Zhao Yuwen from China Photovoltaic Society (CRES) look at the solar PV development from an industry point of view. In general he agrees with the ideas of promoting FIT for solar PV and to have better timing between grid and solar PV development. On top of this he points to some industry specific challenges. It is a big challenge for the Chinese solar PV industry that the Chinese market only is around 10 percent of the Chinese production. A more solid home market is needed to avoid severe damage from protectionism in international trade. Furthermore the Chinese solar PV industry have problems to become competitive with foreign manufactures when it comes to some of the components in solar PV panels, e.g. polycrystalline silicon and some high-end raw and auxiliary materials.

Finally Cao Shiya from the State Grid Energy Research Institute looks at the technical and economic development of different solar PV systems. One of the main points is that the rapid development of installations allows for further improvement of the levelized cost of electricity from solar PV. He expects the cost to be half of the current cost in 2020.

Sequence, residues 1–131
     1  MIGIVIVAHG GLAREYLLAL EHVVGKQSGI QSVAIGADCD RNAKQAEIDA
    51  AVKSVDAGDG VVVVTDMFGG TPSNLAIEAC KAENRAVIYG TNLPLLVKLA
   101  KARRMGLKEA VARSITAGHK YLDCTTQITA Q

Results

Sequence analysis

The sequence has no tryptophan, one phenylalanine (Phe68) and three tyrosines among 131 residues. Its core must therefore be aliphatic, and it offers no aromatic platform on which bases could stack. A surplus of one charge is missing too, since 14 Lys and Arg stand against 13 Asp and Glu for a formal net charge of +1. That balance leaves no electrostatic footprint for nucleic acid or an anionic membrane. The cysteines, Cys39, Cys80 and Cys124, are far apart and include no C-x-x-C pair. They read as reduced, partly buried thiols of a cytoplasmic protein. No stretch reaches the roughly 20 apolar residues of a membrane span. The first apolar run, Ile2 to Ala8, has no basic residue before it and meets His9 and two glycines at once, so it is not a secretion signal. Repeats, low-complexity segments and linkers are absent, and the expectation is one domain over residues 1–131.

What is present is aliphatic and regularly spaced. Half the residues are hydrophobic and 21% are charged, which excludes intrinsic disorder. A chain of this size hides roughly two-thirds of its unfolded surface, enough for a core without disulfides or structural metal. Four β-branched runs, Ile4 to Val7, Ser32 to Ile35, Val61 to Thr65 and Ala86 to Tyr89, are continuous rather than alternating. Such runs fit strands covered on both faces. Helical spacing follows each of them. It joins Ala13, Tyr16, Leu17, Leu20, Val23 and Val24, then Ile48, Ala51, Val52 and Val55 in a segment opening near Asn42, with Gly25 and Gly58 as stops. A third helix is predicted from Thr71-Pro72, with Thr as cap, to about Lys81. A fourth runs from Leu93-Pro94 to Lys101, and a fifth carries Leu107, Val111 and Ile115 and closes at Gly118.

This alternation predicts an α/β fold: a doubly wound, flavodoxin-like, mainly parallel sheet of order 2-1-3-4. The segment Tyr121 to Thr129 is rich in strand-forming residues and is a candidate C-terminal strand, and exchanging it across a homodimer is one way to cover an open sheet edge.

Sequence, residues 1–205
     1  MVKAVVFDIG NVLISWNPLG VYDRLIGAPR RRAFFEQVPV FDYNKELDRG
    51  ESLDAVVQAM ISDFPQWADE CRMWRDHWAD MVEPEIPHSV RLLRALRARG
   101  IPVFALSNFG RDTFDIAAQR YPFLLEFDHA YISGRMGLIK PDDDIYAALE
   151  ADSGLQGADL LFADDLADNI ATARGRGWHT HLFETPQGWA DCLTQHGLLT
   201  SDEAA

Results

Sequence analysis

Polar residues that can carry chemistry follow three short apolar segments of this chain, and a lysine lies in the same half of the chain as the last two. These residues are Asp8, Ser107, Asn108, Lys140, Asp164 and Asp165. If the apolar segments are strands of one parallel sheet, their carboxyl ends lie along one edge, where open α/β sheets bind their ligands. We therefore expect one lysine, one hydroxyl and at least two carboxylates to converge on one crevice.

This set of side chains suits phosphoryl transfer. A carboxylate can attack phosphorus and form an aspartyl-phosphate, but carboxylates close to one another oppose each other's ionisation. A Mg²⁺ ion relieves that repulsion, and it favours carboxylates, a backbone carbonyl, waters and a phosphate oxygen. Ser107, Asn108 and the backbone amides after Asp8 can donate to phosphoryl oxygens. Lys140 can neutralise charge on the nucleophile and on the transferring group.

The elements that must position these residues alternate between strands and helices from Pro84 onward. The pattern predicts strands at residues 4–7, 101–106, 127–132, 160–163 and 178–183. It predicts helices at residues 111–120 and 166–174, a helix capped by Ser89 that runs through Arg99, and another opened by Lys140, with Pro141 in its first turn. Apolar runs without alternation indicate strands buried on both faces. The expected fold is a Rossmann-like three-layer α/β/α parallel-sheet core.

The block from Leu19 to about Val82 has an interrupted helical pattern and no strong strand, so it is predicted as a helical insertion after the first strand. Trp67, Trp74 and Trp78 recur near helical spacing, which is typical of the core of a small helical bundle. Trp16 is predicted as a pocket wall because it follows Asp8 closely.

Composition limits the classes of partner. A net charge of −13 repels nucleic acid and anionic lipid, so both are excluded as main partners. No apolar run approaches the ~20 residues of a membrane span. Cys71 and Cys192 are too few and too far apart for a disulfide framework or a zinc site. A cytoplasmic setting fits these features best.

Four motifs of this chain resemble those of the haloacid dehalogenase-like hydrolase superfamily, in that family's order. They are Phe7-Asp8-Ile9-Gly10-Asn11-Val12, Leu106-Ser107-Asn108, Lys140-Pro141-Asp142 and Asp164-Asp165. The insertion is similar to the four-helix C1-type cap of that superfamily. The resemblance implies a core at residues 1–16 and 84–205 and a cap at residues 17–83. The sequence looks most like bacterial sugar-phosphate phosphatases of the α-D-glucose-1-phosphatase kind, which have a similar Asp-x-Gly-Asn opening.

There is a wealth of information about the past, present and future development of solar PV systems in all three articles, not only for China but also for the global development. If you are interested in solar PV in China, CNRECs 3th RE Magazine is a must-read. On top of this you get a lot of other interesting article about policy, industry and data about renewable energy. Download the Magazine from CNREC web site in Chinese or English.

 

Reducing Beijings air pollution – steps in the right direction

In the small streets of Beijing is is very common to see bike-trucks loaded with coal briquettes, especially when the heating season starts. These briquettes fits nicely into the small stoves in the hutongs and has been the prime source of energy for heating and cooking for the households in Beijing. But the coal burning is contributing to the heavy air pollution in Beijing and the Beijing government thus wants to reduce the use of the briquettes.

coal briquettes in China

Since 2003 (after a pilot period from 2001) the government has supported a program for installing electricity for heating and cooking in inner Beijing. In 2012 21,000 households will get rid of the coal stove which brings the total number of households switching from coal to electricity to more than 200,000 since the beginning of the program. The households receive a subsidy to the electricity price in the night time in order to make it able to compete with the cheap coal. See the information from NDRC here (in Chinese)